Level 2 awareness arrives on the scene with the vertebrates. Their nervous systems are sufficiently developed to have associated with certain brain states mental states of pain. So when we see an animal like a dog, cat, or horse thrashing about or screaming when injured, it is irresistible to ascribe to them second order mental states of pain. It is this experience of animal pain that forms the basis of the objection to God’s goodness from animal suffering. But notice that an experience of Level 2 pain awareness does not imply a Level 3 awareness. Indeed, the biological evidence indicates that very few animals have an awareness that they are themselves in pain.
Level 3 is a higher-order awareness that one is oneself experiencing a Level 2 state. Your friend asks, “How could an animal not be aware of their suffering if they're yelping/screaming out of pain?" Brain studies supply the remarkable answer. Neurological research indicates that there are two independent neural pathways associated with the experience of pain. The one pathway is involved in producing Level 2 mental states of being in pain. But there is an independent neural pathway that is associated with being aware that one is oneself in a Level 2 state. And this second neural pathway is apparently a very late evolutionary development which only emerges in the higher primates, including man. Other animals lack the neural pathways for having the experience of Level 3 pain awareness. So even though animals like zebras and giraffes, for example, experience pain when attacked by a lion, they really aren’t aware of it.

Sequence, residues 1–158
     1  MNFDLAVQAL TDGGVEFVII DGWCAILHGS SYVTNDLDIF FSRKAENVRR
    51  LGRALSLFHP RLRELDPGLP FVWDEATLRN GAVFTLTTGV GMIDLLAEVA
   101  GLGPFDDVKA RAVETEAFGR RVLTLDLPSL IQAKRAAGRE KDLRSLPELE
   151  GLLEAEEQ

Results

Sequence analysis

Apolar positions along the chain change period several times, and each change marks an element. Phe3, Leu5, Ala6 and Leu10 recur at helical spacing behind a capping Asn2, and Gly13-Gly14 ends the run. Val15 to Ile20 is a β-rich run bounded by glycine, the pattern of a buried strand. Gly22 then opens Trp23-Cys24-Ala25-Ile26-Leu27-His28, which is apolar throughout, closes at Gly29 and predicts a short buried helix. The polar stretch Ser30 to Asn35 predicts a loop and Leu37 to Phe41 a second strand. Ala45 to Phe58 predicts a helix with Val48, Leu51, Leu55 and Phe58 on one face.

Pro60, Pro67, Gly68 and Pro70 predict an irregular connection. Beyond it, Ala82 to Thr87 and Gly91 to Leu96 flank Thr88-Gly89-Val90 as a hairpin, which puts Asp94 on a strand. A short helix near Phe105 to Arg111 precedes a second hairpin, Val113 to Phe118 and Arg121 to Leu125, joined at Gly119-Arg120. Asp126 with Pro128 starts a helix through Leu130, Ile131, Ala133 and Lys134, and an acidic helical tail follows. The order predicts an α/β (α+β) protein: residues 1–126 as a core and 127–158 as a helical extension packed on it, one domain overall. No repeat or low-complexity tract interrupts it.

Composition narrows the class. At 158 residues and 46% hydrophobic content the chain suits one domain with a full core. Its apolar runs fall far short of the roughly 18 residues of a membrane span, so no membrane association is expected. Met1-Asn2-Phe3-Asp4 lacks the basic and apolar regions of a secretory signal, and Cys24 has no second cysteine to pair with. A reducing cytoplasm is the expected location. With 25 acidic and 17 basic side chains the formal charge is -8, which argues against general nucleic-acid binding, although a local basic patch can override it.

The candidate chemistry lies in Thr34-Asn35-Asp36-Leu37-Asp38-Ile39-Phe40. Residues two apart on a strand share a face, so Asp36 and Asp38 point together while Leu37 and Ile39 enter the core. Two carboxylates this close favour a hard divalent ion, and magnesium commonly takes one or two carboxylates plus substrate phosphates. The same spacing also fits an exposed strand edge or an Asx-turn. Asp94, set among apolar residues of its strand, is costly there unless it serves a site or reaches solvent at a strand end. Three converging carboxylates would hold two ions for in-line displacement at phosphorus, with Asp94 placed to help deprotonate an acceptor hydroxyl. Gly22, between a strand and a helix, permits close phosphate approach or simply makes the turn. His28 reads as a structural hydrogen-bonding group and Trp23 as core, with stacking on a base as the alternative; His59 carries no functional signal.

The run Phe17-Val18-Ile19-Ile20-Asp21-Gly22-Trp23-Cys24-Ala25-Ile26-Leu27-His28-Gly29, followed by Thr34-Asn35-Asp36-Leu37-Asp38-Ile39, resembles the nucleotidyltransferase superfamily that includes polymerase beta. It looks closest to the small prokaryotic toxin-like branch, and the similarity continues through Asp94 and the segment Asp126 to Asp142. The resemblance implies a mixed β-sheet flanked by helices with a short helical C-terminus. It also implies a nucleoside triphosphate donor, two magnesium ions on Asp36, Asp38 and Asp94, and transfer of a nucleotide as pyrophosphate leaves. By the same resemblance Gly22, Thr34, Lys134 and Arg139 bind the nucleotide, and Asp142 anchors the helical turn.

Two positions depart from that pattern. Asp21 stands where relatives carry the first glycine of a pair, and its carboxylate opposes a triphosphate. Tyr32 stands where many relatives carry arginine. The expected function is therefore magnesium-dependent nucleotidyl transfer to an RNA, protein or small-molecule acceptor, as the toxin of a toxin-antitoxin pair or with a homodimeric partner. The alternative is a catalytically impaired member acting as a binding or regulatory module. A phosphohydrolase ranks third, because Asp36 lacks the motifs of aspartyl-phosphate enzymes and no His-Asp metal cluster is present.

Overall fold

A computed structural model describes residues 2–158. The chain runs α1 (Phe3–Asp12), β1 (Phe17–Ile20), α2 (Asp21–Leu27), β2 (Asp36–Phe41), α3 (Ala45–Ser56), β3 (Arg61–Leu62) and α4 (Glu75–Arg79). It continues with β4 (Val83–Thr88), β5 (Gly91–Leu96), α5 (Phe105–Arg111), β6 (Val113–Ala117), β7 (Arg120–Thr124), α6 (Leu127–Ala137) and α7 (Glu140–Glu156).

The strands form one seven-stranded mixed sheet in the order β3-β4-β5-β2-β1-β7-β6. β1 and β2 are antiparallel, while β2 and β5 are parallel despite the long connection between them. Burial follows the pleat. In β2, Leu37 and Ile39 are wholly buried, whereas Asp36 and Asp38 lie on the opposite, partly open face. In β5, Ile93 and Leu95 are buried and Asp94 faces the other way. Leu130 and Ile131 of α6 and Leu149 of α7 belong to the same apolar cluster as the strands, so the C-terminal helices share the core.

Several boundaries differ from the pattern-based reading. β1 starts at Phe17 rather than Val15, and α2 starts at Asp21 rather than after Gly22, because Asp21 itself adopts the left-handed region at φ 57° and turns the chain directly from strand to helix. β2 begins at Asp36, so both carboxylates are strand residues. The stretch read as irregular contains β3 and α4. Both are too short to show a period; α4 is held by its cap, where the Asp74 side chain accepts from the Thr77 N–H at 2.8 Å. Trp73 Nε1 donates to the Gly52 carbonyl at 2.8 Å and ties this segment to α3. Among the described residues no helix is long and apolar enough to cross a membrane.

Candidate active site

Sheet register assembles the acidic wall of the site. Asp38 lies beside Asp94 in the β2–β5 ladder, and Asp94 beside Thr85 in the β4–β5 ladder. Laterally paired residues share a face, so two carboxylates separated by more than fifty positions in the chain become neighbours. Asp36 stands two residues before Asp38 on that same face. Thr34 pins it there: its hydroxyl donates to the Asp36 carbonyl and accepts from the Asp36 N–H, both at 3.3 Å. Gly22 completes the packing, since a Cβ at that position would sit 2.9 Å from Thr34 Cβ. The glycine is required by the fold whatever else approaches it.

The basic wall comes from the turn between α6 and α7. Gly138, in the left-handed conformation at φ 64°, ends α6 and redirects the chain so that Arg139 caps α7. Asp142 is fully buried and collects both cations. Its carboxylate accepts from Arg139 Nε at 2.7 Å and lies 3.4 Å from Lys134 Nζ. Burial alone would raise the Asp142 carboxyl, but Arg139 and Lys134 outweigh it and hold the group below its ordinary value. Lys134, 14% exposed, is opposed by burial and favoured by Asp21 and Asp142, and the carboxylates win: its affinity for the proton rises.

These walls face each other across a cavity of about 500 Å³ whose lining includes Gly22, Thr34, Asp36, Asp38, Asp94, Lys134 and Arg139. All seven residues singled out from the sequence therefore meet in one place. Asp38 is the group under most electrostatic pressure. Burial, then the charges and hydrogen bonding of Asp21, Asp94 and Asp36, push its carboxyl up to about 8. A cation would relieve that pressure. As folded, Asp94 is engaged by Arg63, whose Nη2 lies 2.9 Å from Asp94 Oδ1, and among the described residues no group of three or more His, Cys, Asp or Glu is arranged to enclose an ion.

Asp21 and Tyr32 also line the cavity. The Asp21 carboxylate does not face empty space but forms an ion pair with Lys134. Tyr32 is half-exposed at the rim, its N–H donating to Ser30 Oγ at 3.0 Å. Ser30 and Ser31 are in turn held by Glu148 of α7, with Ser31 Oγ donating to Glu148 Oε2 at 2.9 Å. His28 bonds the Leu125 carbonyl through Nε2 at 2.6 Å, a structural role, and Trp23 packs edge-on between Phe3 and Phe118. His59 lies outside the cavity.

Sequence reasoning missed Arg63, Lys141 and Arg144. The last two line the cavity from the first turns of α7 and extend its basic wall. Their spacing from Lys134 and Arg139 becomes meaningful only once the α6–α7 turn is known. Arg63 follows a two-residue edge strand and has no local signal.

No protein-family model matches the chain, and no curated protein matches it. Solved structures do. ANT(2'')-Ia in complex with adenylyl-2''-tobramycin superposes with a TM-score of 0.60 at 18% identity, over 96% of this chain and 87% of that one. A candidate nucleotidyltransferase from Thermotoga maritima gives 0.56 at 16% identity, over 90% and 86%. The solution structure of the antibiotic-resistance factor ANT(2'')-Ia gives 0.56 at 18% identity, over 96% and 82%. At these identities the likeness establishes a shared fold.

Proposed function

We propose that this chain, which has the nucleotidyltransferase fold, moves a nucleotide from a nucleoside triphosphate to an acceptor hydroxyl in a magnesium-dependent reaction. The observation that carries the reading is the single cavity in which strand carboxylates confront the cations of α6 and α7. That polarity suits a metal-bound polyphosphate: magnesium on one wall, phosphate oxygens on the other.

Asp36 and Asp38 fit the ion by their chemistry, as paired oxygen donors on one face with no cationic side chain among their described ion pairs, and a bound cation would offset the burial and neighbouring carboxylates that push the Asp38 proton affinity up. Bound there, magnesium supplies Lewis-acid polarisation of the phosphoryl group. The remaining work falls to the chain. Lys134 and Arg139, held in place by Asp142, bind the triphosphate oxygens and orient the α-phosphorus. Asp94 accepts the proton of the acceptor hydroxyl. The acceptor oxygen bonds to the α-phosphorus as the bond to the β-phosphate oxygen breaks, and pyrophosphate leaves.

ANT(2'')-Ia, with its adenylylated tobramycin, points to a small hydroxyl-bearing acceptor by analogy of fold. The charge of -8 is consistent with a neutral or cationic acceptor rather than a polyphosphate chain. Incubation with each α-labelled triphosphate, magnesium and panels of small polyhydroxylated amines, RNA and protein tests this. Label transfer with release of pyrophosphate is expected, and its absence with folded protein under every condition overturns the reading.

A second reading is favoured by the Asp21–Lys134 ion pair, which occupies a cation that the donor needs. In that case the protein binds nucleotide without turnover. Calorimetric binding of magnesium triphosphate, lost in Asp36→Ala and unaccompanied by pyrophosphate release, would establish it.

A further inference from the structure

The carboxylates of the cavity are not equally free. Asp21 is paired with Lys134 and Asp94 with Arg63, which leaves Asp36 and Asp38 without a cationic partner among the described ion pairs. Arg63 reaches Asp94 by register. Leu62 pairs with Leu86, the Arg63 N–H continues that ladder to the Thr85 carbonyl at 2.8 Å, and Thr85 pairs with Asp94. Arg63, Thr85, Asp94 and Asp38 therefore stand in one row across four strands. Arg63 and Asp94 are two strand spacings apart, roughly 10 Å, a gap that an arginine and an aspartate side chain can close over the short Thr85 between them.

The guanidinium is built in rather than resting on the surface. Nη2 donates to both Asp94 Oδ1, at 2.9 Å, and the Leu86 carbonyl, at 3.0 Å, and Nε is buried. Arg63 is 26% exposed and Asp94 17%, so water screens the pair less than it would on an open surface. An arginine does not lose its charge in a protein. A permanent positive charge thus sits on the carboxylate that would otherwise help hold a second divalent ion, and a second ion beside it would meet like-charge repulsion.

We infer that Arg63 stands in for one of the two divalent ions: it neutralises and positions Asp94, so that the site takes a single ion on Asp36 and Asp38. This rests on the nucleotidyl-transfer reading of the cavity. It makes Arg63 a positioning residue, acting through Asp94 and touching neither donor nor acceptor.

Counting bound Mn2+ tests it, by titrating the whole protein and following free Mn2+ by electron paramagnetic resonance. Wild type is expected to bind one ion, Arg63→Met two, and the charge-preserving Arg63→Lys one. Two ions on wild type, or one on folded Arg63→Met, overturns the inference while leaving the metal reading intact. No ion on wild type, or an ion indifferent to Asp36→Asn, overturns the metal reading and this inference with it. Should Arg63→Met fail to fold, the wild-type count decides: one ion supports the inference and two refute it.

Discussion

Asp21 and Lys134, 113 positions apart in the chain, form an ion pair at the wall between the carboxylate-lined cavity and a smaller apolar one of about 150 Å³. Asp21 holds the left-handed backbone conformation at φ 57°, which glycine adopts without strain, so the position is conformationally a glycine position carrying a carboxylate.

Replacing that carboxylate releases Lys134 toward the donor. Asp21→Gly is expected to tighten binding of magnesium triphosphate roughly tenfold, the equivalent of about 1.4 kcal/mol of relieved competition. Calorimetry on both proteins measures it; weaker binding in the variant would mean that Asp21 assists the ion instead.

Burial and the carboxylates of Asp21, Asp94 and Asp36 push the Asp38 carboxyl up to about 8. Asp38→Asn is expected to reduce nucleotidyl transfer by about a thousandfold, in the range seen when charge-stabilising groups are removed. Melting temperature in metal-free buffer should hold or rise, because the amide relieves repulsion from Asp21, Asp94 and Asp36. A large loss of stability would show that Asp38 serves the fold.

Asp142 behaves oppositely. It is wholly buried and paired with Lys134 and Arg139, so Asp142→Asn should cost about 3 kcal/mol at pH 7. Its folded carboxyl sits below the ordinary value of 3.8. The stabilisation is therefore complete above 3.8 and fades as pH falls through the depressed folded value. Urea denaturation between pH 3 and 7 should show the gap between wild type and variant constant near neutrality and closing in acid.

To help understand this, consider an astonishing analogous phenomenon in human experience known as blind sight. The experience of sight is also associated biologically with two independent neural pathways in the brain. The one pathway conveys visual stimuli about what external objects are presented to the viewer. The other pathway is associated with an awareness of the visual states. Incredibly, certain persons, who have experienced impairment to the second neural pathway but whose first neural pathway is functioning normally, exhibit what is called blind sight. That is to say, these people are effectively blind because they are not aware that they can see anything. But in fact, they do “see” in the sense that they correctly register visual stimuli conveyed by the first neural pathway. If you toss a ball to such a person he will catch it because he does see it. But he isn’t aware that he sees it! Phenomenologically, he is like a person who is utterly blind, who doesn’t receive any visual stimuli. Obviously, as Michael Murray says, it would be a pointless undertaking to invite a blind sighted person to spend an afternoon at the art gallery. For even though he, in a sense, sees the paintings on the walls, he isn’t aware that he sees them and so has no experience of the paintings.